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Pokémon Go – Nostalgia is all relative

Since Pokémon Go started its gradual release upon the world, one word that has constantly crept up has been “nostalgia”.

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Pokemon Go

Pikachu spriteSince Pokémon Go started its gradual release upon the world, one word that has constantly crept up has been “nostalgia”. Given that my research revolves around this concept makes the impact resulting from Pokémon Go’s considerable success very valuable. But on a personal level, outside of my research, Pokémon Go doesn’t appeal to me on a nostalgic level. That does not mean I am not getting any enjoyment out of it. Catching Pokémon on my way to the university is great fun, and the broad appeal of the game has provided multiple instances where I have spoken to people I have never met before about Pokémon, which is much more enjoyable than the traditional British staple of the weather.

For me, and likely thousands of other people, Pokémon never went away. I was fortunate to grow up during the 90’s just as the Pokémon craze exploded in the West, but whilst many moved on after Red, Blue, and Yellow; I remained committed to what became a long running series. Pokémon Silver still remains one of the games that I have put the most hours into. On the whole the core series has been good at avoiding oversaturation, considering the Seventh generation of games is coming later in the year, given its 20 years of existence (in Japan at least). But it has also been fairly consistent with its releases (and more so given the parity of worldwide releases). This has allowed players to get back to catching and battling Pokémon without burning out on the premise. Although I will concede that Black 2 & White 2 are exceptions.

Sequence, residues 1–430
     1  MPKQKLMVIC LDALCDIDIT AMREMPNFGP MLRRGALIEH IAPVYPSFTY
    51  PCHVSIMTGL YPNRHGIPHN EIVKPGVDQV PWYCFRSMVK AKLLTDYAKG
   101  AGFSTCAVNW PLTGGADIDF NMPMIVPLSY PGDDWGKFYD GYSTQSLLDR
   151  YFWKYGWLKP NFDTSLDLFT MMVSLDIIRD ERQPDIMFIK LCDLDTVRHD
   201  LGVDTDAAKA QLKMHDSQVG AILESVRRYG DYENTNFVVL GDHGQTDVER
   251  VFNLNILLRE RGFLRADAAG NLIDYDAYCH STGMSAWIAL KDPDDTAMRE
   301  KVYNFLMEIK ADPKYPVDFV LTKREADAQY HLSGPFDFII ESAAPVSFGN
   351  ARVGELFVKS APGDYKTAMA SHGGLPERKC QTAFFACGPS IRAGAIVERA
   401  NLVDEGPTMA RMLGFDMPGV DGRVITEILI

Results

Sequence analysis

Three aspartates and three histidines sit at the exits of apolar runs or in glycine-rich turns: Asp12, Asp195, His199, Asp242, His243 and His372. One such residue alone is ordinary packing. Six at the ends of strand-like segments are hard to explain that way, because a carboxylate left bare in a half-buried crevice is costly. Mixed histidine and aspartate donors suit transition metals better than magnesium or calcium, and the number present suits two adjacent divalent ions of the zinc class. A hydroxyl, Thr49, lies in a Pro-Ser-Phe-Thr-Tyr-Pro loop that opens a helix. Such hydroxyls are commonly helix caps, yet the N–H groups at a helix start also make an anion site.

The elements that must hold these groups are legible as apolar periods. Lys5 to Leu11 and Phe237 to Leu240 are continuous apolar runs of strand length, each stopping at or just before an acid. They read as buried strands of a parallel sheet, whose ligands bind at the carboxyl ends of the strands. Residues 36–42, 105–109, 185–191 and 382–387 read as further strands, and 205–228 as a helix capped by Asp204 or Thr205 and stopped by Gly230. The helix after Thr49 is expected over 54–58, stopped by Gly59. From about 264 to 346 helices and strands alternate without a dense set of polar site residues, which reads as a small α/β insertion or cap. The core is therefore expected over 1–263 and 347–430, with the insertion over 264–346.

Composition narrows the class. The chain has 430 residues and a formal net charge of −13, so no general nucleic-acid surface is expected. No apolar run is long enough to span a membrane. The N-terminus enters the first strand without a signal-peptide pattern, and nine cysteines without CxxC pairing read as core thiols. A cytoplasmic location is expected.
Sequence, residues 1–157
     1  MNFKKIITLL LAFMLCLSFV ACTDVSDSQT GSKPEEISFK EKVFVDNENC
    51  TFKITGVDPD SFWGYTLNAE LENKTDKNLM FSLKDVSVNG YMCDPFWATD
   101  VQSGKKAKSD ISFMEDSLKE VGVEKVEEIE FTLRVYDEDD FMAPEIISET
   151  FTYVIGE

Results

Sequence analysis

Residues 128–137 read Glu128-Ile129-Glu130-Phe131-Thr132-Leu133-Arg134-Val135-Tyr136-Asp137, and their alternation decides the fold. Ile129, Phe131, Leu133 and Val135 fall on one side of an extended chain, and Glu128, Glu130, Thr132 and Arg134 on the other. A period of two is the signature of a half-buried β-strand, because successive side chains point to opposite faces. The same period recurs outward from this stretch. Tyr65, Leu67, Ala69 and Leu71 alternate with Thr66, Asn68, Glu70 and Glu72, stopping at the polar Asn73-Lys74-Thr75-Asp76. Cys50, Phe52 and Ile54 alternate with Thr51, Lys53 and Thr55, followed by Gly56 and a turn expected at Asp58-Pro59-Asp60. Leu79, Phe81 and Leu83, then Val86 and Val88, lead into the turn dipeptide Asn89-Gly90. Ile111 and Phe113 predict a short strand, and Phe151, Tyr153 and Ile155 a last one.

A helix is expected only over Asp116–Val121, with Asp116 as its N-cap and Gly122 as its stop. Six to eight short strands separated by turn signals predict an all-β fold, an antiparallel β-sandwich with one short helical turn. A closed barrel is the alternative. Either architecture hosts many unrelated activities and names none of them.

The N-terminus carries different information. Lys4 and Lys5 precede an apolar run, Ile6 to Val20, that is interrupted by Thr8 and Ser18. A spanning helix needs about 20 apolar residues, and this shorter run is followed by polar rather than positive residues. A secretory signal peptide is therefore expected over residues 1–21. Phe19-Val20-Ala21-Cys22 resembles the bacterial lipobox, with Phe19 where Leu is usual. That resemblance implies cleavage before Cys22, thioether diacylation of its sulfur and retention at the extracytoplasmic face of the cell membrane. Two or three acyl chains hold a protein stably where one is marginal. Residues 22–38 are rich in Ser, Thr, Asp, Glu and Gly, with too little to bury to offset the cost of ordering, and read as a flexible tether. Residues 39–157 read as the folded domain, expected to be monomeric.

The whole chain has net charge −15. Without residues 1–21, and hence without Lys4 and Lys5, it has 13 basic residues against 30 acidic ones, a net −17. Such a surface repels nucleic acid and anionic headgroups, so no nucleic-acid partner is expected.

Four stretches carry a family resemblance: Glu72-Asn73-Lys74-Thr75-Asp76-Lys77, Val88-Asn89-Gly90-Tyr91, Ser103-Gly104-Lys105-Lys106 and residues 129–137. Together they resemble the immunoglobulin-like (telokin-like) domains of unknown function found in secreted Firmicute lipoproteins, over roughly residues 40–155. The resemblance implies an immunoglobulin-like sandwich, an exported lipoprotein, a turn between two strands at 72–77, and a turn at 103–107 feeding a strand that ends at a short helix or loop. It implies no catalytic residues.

Pikachu spriteWith the exception of Black & White (and the aforementioned Black 2 & White 2) and the original remakes Fire Red and Leaf Green, I have played one entry from all the different Pokémon generations. It is because of this that Pokémon Go does not bring out a sense of nostalgia, as I don’t have a deep down longing of seeing a Zubat again, because I caught one in Alpha Sapphire the week before Go’s release.

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The exact understanding of nostalgia is not strictly straightforward (I wouldn’t be researching it otherwise), nor are its implications on people and the media they create. Therefore, it would be inaccurate to claim that I do not get any nostalgic feelings from Pokémon, as the collective franchise was a big part of my childhood that went beyond just playing the video games. So yes I do get nostalgic over the anime (even though it is still running, and Ash has somehow not aged, or became the very best like no one ever was), and I was delighted to find some old Pikachu figures from my childhood that had been packed away in a box for over a decade. But catching Pokémon in Go? Quite the opposite, I was excited because it represented something new. I can now catch Pokémon that are hiding in the real world using my phone. I couldn’t do that before